“Black Adam” Review: Dwayne Johnson’s Savage Antihero Can’t Save DC’s Latest

It’s not a total disaster, but Marvel won’t lose any sleep over this one.
408

For a movie that has been in development for nearly a decade, Black Adam could’ve used some more time in the DC Films laboratory, as the script — like so many comic book movies—is once again an afterthought. It’s simply amazing to me how much money studios spend on these superhero tentpoles without taking the time to get the screenplay right. Though this one is credited to Adam Sztykiel, Rory Haines, and Sohrab Noshirvani, the blame falls squarely on the hulking shoulders of Black Adam himself, Dwayne Johnson.

Though Johnson didn’t direct Black Adam—that would be his Jungle Cruise helmer Jaume Collet-Serra, who was much more interesting before he sold outhe did produce the movie, and you can safely bet that he signed off on every single major creative decision, including, apparently, its lackluster villain. Outside of the Batman franchise, DC has long had a villain problem, and this movie is no different. But I’m getting ahead of myself…

Black Adam casts Johnson as Teth Adam, an ancient, indestructible hero who protects the fictional nation of Kahndaq, which is located somewhere in the Middle East. Teth Adam has his own brand of justice that’s far different than other DC heroes, as he’s not afraid to kill people. (Anti-hero alert!) In fact, he seems to get off on it.

The film begins with an exposition-filled prologue that introduces a powerful mineral known as Eternium and recalls Zack Snyder’s 300 in its bombastic visual style. The people of Kahndaq have been enslaved for thousands of years to mine this precious metal, and in the modern day, a man named Ishmael (Marwan Kenzari) seeks to liberate his people from a group of white mercenaries known as Intergang, all while a group of local rebels (led by Sarah Shahi) searches for a crown made of Eternium. When they eventually find it, they unleash Teth Adam, who has been imprisoned for centuries, much like a genie in a lamp.

Black Adam Hawkman
Image via Warner Bros. Discovery

Black Adam Hawkman

Once he’s freed, the film’s second most important order of business (besides making Johnson look badass) is introducing an eclectic group of crimefighters the Justice Society of America, aka the JSA, even though the “America” part is never uttered in this film. Because who knows how audiences overseas feel about America!

The JSA is considered a big deal in DC Comics lore but the group is only half-successful here, however, as Black Adam constantly overshadows them. Aldis Hodge (City on a Hill) gives it his all as the team’s relentless leader, Hawkman, and Pierce Brosnan lends the film a welcome veteran presence as Doctor Fate, who can see into the future (not that it seems to help much), but Quintessa Swindell is thoroughly wasted as Cyclone (the design of this character and her powers is pretty weak) and Noah Centineo fails to deliver much as Atom Smasher beyond goofy comic relief.

As for Johnson, he’s fine as Black Adam but the role robs him of his natural charisma, as the character is much closer to the Terminator than, say, Smolder Bravestone. This poses a real problem because the film reduces Johnson to a mountain of muscles rather than a hero with a personality, which is kind of his strength as an actor. Here, he looks dour and rather joyless.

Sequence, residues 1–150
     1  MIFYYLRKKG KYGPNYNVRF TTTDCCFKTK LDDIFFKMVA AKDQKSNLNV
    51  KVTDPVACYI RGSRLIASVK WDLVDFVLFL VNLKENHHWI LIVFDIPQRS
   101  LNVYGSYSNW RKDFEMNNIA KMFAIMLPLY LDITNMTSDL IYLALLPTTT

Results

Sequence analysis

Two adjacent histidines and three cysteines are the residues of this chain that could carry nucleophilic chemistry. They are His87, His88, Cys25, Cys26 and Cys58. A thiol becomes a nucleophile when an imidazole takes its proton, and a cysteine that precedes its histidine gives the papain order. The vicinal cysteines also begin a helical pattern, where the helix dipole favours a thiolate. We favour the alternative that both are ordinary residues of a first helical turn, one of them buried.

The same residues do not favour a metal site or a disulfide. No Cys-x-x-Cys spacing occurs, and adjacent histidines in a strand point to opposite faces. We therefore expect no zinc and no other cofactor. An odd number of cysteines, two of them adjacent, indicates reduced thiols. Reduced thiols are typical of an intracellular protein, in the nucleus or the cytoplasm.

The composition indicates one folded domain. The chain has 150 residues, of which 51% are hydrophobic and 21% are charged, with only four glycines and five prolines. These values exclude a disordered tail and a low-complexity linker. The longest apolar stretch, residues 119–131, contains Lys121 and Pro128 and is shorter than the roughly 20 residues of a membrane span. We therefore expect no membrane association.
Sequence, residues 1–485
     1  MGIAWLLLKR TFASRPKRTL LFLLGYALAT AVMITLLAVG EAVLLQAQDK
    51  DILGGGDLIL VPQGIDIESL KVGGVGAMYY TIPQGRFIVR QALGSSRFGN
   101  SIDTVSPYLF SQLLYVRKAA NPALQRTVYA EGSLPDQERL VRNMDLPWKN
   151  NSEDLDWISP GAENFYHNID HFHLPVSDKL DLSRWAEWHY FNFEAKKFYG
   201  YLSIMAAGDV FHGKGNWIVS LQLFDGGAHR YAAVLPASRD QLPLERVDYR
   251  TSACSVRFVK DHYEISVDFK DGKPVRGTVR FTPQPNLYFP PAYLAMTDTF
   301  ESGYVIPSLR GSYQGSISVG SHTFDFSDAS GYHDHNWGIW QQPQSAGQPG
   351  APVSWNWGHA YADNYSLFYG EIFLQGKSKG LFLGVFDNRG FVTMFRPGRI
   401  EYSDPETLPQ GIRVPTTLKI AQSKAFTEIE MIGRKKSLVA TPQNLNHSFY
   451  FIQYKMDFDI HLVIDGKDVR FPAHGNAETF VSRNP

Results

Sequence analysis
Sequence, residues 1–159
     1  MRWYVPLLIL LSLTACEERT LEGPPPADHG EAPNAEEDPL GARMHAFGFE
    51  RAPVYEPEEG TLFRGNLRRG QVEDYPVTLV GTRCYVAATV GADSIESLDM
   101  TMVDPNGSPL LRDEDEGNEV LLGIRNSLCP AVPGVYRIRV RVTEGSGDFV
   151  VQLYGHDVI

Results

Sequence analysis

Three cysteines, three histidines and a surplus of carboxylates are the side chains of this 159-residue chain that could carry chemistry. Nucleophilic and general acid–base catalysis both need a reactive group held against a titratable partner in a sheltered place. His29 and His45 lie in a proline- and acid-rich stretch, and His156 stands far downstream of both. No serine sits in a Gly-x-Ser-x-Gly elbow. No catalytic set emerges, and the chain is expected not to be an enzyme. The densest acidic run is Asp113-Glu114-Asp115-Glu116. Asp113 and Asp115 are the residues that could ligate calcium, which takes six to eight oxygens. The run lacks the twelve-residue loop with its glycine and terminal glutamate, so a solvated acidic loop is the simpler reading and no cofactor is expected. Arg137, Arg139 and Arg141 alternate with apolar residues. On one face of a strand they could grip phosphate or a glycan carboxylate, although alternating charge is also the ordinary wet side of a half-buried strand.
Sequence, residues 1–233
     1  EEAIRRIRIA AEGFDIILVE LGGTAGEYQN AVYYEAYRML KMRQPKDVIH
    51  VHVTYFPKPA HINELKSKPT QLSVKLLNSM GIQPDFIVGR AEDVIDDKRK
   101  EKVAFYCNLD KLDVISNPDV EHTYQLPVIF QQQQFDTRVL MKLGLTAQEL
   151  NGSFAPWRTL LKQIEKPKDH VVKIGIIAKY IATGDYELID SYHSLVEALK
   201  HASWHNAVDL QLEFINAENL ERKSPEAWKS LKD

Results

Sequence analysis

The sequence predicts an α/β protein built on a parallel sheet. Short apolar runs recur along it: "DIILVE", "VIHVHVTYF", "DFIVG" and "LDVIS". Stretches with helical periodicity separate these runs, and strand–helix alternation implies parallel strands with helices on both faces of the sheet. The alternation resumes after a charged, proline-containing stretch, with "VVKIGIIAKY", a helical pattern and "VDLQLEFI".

Black Adam Doctor Fate
Image via Warner Bros. Discovery

Black Adam Doctor Fate

There’s also a teenage boy in the mix (because of course there is) who reads comics and idolizes Black Adam while navigating Kahndaq on a skateboard. I understand why these types of characters are frequently shoehorned into comic book movies — so kids can “see themselves” in the material — but every minute this kid is onscreen is thoroughly excruciating. It’d be one thing if the kid was a natural-born star, but he just doesn’t have that “It” factor.

Fortunately, the action in Black Adam is non-stop, and to be honest, it’s pretty good, as cinematographer Lawrence Sher (Joker) comes up with some very cool shots, particularly when Johnson is hulking out. The problem is that there’s no weight to any of this stuff. Though the film’s VFX budget is clearly up there on the screen, nothing feels particularly real. And why every DC movie must devolve into a glowing light show is completely beyond me. Did you see any glowing lights in The Dark Knight or Logan or The Crow? No, you didn’t. If I showed you photos of all the glowing lights in the DCEU, you’d have a hard time identifying which movie they were from, trust me.

As for the much-discussed mid-credits sequence featuring another DC superhero, it’s a lame tease that’s hardly worth waiting for. In fact, I’m sure you can already find it on YouTube if you’re that curious about it. If that’s the reason to see Black Adam — and Johnson’s recent interviews seem to suggest this “super” cameo is the film’s strongest selling point besides himself — then it only emphasizes my point that this film is nothing more than a two-hour trailer for another movie that will pit Black Adam against you-know-who. Is this the epic battle the DCEU has been building toward? If so, who cares? Watching two indestructible forces go at it, destroying CG buildings if not entire cities as they trade blows, simply isn’t all that interesting, no matter how many 12-year-old boys think it’s “cool.”

But we’re a few years away from that promised showdown. In the meantime, if I never hear someone yell “Shazam!” again, it’ll be too soon…

Grade: C-

Stay on top of the latest in L.A. news, food, and culture. Sign up for our newsletters today.